[Manne's] like a pathologist wielding a scalpel, methodically dissecting various specimens of muddled argument to reveal the diseased tissue inside…One of the qualities that makes Manne's writing bracing and even thrilling to read is her refusal to ingratiate herself by softening the edges of her resolve…Feelings of entitlement may be essential to misogynybut Manne argues that they're essential to defeating misogyny, too. She ends by writing about her newborn daughter, and the things that she wants her daughter to feel she deserves, which are necessarily connected to a set of moral obligations. This more reciprocal understanding of entitlement encourages us to think hard about what we owe, not just to ourselves but to one another.
“Kate Manne is a thrilling and provocative feminist thinker. Her work is indispensable.”—Rebecca Traister
NAMED ONE OF THE BEST BOOKS OF THE YEAR BY THE ATLANTIC
In this bold and stylish critique, Cornell philosopher Kate Manne offers a radical new framework for understanding misogyny. Ranging widely across the culture, from Harvey Weinstein and the Brett Kavanaugh hearings to “Cat Person” and the political misfortunes of Elizabeth Warren, Manne’s book shows how privileged men’s sense of entitlement—to sex, yes, but more insidiously to admiration, care, bodily autonomy, knowledge, and power—is a pervasive social problem with often devastating consequences.
In clear, lucid prose, Manne argues that male entitlement can explain a wide array of phenomena, from mansplaining and the undertreatment of women’s pain to mass shootings by incels and the seemingly intractable notion that women are “unelectable.” Moreover, Manne implicates each of us in toxic masculinity: It’s not just a product of a few bad actors; it’s something we all perpetuate, conditioned as we are by the social and cultural mores of our time. The only way to combat it, she says, is to expose the flaws in our default modes of thought while enabling women to take up space, say their piece, and muster resistance to the entitled attitudes of the men around them.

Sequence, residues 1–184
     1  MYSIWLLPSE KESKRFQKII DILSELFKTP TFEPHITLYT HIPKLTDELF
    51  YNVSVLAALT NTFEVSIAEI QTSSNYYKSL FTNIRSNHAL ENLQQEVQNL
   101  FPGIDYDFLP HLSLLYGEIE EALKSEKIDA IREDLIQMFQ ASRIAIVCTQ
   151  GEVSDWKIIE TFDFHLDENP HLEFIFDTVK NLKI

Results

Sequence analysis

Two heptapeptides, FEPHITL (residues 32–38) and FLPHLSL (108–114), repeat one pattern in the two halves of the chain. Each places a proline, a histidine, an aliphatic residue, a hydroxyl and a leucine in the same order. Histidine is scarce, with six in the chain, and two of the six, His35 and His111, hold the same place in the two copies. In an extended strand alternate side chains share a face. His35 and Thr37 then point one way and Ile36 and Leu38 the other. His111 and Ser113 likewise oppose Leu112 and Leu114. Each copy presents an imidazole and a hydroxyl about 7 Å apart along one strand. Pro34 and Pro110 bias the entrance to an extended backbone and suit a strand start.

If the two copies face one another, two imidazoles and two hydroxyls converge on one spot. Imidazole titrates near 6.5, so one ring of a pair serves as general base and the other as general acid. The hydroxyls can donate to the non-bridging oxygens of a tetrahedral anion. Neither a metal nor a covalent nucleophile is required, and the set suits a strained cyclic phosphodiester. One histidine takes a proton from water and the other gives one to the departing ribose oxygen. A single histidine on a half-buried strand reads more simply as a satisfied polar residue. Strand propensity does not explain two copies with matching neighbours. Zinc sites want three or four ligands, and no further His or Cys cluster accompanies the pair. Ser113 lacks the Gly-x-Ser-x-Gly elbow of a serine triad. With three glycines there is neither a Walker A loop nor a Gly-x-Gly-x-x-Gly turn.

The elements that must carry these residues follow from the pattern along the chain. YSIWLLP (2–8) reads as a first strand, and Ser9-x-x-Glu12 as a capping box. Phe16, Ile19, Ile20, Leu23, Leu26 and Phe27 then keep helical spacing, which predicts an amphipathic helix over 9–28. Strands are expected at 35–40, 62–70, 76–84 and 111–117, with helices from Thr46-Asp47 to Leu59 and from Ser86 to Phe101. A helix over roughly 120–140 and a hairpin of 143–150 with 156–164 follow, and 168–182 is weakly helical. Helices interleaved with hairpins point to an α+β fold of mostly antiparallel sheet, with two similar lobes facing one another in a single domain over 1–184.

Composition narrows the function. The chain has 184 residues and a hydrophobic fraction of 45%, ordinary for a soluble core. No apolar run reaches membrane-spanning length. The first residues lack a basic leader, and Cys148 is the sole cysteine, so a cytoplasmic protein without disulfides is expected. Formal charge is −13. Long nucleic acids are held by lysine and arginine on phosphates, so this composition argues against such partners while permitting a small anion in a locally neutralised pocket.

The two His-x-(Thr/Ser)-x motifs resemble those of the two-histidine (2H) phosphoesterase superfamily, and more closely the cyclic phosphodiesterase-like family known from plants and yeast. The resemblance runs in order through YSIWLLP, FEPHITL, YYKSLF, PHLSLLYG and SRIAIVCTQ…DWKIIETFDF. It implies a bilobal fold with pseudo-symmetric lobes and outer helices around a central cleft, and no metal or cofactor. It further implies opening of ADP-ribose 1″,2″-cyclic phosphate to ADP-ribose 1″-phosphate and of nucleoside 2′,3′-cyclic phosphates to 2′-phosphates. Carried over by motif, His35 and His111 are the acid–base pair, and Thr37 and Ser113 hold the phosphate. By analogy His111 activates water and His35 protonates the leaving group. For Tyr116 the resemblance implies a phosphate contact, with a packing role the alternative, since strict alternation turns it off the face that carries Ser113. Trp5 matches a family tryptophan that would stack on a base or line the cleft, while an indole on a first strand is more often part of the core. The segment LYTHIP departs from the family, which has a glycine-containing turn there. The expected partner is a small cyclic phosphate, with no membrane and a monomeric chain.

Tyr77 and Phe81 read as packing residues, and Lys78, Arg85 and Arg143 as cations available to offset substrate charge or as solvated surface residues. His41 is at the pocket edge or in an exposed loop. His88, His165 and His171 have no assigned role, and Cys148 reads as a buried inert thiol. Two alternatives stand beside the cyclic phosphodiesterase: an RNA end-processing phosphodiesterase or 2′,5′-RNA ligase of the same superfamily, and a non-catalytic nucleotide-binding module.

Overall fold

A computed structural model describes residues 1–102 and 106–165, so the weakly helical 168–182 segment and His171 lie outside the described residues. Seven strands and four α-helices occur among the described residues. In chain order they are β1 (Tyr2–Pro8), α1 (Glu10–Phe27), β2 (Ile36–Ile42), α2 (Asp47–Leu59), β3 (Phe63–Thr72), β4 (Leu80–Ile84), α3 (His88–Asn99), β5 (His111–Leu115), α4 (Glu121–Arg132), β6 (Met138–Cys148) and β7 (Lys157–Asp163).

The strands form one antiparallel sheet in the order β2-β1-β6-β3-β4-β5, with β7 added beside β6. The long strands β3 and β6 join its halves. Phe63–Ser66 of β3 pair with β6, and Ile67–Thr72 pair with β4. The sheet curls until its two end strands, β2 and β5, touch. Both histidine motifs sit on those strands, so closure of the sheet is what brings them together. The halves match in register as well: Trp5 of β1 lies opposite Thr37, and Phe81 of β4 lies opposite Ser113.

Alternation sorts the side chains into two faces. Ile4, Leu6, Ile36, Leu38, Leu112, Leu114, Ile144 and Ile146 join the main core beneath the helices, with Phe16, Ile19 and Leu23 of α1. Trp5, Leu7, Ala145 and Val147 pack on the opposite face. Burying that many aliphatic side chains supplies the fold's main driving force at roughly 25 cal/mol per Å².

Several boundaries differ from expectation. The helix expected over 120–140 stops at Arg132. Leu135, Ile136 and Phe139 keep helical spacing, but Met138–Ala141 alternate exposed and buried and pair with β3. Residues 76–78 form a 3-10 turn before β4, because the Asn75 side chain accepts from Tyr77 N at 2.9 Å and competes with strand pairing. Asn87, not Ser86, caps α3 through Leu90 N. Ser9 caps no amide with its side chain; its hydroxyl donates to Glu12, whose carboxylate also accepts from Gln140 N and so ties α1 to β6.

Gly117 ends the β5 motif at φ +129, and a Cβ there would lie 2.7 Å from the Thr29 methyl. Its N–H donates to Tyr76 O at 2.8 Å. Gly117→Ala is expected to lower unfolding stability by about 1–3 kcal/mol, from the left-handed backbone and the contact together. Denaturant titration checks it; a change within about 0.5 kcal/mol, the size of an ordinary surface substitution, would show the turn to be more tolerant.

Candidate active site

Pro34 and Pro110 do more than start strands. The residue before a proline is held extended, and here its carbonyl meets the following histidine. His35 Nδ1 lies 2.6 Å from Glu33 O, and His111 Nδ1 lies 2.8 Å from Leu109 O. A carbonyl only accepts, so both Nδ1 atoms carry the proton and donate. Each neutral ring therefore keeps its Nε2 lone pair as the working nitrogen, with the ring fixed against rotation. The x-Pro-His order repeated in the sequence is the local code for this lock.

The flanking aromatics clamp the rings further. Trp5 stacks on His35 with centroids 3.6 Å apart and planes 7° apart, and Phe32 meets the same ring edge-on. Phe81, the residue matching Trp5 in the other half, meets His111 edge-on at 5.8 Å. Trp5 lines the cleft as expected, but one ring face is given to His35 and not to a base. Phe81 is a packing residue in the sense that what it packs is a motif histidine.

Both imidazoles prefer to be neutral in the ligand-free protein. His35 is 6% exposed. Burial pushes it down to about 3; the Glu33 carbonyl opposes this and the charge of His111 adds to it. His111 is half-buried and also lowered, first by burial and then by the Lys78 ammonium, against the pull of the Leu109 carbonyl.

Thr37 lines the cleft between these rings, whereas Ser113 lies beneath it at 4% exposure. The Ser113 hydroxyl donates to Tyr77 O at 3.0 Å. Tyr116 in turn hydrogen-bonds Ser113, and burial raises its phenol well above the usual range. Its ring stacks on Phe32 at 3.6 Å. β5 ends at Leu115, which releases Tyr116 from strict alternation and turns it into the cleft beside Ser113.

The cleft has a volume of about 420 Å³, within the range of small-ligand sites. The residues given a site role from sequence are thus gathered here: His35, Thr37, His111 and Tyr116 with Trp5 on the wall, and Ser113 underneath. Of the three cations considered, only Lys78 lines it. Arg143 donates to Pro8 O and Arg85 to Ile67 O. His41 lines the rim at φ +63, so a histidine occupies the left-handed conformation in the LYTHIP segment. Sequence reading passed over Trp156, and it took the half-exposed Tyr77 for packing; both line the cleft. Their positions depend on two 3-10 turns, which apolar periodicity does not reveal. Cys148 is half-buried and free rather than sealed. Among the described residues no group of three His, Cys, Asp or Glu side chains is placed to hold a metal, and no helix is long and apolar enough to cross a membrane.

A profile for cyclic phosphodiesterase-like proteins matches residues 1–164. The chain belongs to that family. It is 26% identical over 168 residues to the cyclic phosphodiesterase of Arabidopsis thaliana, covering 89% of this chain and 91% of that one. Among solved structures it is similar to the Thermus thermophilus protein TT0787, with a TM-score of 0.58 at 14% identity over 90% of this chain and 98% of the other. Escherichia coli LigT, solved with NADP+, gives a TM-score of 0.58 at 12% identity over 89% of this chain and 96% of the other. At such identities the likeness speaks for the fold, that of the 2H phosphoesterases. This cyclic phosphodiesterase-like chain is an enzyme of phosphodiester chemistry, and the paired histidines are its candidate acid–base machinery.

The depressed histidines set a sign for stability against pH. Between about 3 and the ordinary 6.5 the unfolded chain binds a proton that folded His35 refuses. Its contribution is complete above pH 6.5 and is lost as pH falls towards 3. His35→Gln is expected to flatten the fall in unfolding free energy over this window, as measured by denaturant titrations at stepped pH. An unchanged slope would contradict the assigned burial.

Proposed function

With wit and intellectual fierceness, Manne sheds new light on gender and power and offers a vision of a world in which women are just as entitled as men to our collective care and concern.
Cornell University philosopher Manne (Down Girl) delivers a hard-hitting and outrage-inspiring interrogation of the links between male entitlement, both individual and systemic, and misogyny. Addressing entitled male sexual behavior, Manne scrutinizes “himpathy,” “herasure,” and victim blaming in the public response to sexual assault allegations against Supreme Court justice Brett Kavanaugh and Stanford University student Brock Turner, and analyzes issues of consent and “social programming” in the viral New Yorker short story “Cat Person” and a woman’s account of her distressing sexual encounter with comedian Aziz Ansari. Manne also documents discrepancies in the medical care received by men and women, and claims that the assumption of the male body as a default leads health-care professionals to doubt women’s accounts of their own pain. In the political realm, Manne cites studies showing that women seeking power must be “exceptionally communal” to a degree not required of their male peers to explain the rise and fall of Elizabeth Warren’s presidential campaign. Manne concludes with an avowal that girls and women are justifiably entitled to be valued, cared for, and believed, and gives readers a powerful framework for understanding and confronting challenges in their own lives. This incisive feminist treatise is a must-read. Agent: Lucy Cleland, Kneerim & Williams. (Aug.)
One of the qualities that makes Manne’s writing bracing and even thrilling to read is her refusal to ingratiate herself by softening the edges of her resolve. . . . She’s like a pathologist wielding a scalpel, methodically dissecting various specimens of muddled argument to reveal the diseased tissue inside.”—The New York Times
“Manne’s concept of entitlement is versatile and useful; like the theory of gravity, it has equal power in explaining phenomena both big and small.”—The New Yorker
“With perspicacity and clear, jargon-free language, Manne keeps elevating the discussion to show how male privilege isn’t just about securing and hoarding spoils from women, but an entire moral framework.”—The Guardian
“With wincing clarity, Manne explains how a society that organizes itself around the wants and whims of men will radiate that bias into every area of life. . . . Her observations offer that rare brand of insight: the kind so ingenious that it quickly begins to seem obvious.”—The Atlantic
“[A] clear-eyed analysis of misogyny [with] an element of timeliness that translates to something of a gut punch . . . Reading the book is in fact a bit like taking a sweeping tour, a la It’s a Wonderful Life, of one’s history experiencing misogyny, except Manne is a sharper, more astute Clarence. . . . Cathartic.”—Mother Jones
“Entitled is the perfect guide to fight an imperfect world.”—Times Higher Education
“Entitled is not just timely, but timeless—sure to be part of the feminist canon.”—Jessica Valenti, columnist and author of Sex Object: A Memoir
“Entitled is the work of a once-in-a-generation mind, and as always, Manne succeeds in leaving feminism richer and more robust than when she found it.”—Moira Donegan, columnist, The Guardian
“Entitled is electric.”—Darcy Lockman, author of All the Rage
“Manne weaves feminist theory through a multitude of incidents that reveal patriarchy’s spellbinding matrix . . . Entitled is essential reading.”—Kimberlé Crenshaw, UCLA School of Law and editor of Critical Race Theory
“Kate Manne is among the greatest political philosophers of her generation. Her work is clear, compelling and intellectually devastating . . .”—Laurie Penny, author of Unspeakable Things